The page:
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Have you ever noticed a cloud or mist coming from your mouth during dental treatment? Dentists call this aerosol, & while you generally don’t need to worry about it, it’s something dentists take very seriously. Here’s what you need to know about it.

What Is Aerosol?

In a general sense, aerosols are solid or liquid particles that are suspended in the air. These particles can be anything. For example, hairspray, spray paints & canned air all aerosolize the solutions for easy & direct application. Fog & mist are considered aerosols because they contain tiny water droplets. In dentistry, aerosol refers to particles that exit the mouth during dental treatment.

Dental aerosols result from a variety of procedures, from simple cleanings & fillings to dental surgery. They are especially prevalent with the use of high-speed dental tools. The particles that escape the mouth may comprise droplets of saliva or water, tooth dust, plaque or tartar, dental materials like filling composite or polish, or even viruses & bacteria.

Is Aerosol Bad for Us?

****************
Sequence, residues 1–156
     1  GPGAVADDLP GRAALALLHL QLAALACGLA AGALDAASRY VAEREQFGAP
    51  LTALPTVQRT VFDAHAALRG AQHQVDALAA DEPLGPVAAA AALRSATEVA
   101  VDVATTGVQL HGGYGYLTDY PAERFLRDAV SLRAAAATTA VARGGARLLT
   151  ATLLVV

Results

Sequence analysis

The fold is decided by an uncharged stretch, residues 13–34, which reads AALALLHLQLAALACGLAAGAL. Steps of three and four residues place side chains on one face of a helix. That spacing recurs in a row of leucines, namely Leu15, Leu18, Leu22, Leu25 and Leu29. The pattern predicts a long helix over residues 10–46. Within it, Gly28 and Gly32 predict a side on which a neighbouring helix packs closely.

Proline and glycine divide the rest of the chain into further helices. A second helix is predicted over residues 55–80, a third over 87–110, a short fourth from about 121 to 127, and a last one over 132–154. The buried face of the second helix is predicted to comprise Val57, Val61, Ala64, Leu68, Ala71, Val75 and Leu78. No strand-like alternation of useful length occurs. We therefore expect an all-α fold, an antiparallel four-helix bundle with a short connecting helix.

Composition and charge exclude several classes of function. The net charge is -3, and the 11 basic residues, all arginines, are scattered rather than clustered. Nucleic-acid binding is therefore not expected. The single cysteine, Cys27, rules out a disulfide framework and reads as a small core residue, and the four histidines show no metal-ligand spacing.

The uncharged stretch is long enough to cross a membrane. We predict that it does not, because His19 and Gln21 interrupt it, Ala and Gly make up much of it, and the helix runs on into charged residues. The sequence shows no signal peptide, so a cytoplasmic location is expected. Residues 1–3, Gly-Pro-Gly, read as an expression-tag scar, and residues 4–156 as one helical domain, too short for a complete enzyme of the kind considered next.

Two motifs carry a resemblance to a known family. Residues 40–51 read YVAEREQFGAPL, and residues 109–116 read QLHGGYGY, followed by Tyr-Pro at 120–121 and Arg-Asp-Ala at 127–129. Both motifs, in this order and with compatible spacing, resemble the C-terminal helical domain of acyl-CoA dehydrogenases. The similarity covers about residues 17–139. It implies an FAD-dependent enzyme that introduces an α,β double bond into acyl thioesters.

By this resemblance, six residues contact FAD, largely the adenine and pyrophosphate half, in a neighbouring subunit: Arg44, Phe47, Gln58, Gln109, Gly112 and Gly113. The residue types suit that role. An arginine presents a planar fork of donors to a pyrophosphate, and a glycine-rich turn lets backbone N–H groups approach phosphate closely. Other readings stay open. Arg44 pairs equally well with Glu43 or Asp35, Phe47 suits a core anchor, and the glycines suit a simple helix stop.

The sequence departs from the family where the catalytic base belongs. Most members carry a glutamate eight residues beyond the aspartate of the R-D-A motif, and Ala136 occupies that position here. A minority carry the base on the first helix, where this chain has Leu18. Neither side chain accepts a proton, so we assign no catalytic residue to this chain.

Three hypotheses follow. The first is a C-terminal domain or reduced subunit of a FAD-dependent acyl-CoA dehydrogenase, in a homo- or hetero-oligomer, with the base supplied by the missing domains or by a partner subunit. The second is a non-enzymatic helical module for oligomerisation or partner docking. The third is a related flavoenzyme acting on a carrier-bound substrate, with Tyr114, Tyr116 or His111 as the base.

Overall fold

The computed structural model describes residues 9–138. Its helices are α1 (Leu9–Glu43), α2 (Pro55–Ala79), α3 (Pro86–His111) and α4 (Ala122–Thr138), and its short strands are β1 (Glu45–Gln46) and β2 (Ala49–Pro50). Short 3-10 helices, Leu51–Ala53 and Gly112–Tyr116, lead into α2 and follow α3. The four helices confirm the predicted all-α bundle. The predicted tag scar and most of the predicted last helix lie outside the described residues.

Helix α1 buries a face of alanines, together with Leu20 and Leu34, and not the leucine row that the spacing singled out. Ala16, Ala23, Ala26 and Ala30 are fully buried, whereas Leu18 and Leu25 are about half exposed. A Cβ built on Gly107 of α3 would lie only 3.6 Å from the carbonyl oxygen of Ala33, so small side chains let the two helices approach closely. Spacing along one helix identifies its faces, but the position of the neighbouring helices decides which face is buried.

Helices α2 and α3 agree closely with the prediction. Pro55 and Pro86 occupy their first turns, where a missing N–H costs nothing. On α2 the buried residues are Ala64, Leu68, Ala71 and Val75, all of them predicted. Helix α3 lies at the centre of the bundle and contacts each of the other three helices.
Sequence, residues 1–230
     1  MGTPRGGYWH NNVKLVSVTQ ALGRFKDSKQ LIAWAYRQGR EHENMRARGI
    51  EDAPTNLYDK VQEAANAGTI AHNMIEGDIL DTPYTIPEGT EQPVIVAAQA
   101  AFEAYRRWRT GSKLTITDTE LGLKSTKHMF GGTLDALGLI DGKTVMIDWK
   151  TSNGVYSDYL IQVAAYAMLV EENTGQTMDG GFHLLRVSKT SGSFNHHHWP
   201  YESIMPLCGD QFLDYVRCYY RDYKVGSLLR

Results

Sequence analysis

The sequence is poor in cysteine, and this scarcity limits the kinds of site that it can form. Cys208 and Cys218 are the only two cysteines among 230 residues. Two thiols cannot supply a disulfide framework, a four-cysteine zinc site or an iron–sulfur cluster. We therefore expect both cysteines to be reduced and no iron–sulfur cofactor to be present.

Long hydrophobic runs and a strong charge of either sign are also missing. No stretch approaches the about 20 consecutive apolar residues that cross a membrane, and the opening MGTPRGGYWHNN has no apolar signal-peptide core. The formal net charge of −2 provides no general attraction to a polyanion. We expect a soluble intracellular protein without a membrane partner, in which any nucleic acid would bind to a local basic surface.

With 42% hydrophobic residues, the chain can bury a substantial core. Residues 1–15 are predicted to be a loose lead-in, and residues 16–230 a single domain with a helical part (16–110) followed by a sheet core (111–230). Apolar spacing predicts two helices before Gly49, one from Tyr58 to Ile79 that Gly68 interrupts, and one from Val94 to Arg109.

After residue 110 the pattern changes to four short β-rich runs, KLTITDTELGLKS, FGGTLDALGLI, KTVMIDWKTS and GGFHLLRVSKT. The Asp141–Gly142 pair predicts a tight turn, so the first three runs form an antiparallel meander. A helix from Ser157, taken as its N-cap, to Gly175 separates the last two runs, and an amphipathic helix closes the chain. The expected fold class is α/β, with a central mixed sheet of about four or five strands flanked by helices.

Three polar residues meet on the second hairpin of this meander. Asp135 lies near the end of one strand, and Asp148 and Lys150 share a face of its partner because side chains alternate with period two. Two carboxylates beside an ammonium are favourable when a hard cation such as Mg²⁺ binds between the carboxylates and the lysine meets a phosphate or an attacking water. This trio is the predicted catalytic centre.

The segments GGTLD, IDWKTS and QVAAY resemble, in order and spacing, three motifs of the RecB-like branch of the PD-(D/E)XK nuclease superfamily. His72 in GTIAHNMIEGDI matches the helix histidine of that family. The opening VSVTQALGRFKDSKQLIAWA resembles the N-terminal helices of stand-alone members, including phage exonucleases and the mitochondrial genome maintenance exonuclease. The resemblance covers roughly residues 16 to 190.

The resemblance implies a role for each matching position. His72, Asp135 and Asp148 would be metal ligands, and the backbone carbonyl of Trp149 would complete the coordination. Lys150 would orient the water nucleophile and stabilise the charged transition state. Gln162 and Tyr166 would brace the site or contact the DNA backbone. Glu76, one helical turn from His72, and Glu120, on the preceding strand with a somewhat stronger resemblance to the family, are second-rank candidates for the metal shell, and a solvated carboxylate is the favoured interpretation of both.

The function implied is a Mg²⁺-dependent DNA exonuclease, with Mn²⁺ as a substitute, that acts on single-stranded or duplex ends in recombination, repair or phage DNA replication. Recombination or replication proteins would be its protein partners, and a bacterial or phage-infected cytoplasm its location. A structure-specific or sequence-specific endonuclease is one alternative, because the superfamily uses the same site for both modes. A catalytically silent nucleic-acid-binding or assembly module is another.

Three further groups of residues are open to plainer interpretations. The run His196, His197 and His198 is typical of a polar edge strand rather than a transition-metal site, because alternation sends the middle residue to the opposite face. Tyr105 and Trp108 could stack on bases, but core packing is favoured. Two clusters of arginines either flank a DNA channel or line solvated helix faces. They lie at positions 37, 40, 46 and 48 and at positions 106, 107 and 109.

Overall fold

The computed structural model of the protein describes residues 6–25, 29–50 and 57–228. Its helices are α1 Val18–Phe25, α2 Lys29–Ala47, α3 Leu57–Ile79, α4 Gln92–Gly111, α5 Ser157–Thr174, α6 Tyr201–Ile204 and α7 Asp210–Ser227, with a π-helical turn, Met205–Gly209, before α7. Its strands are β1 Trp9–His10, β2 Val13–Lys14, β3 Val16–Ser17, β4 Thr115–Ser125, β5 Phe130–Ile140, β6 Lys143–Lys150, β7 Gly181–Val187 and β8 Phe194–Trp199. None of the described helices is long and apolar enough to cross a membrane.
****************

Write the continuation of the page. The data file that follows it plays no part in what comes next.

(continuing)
The majority of aerosol particles are not harmful, especially for healthy patients & dental professionals. The only time you really need to be mindful about dental aerosols is when they might contain viruses or bacteria that spread through airborne particles.

The best way to prevent the spread of contaminated particles is to isolate. Patients who have a cold, the flu or other respiratory viruses, for example, are always encouraged to stay home to prevent any potential spread. However, thanks to robust protocols, the chances are low that viruses will spread at your dentist’s office.

How Do Dentists Deal With It?

Dental professionals are accustomed to dealing with aerosols, & they have several tools at their disposal to do so, starting with gloves, masks & face shields to protect themselves. Most of these tools involve suction to gather the aerosols & prevent them from spreading. This suction can be done in the mouth, often paired with irrigation to collect particles before they become airborne, or outside the mouth.

Oral suctions systems outside the mouth can be very effective in catching aerosols. HEPA air filters, either in chairside machines or throughout the office, neutralize aerosols & help circulate & freshen the air in the office. Some offices even use UV light or fogging disinfection machines to clean the air as well as surfaces for an added layer of protection.

Your dentist may have a combination of these tools. Feel free to ask us about how we deal with aerosols & keep you safe!

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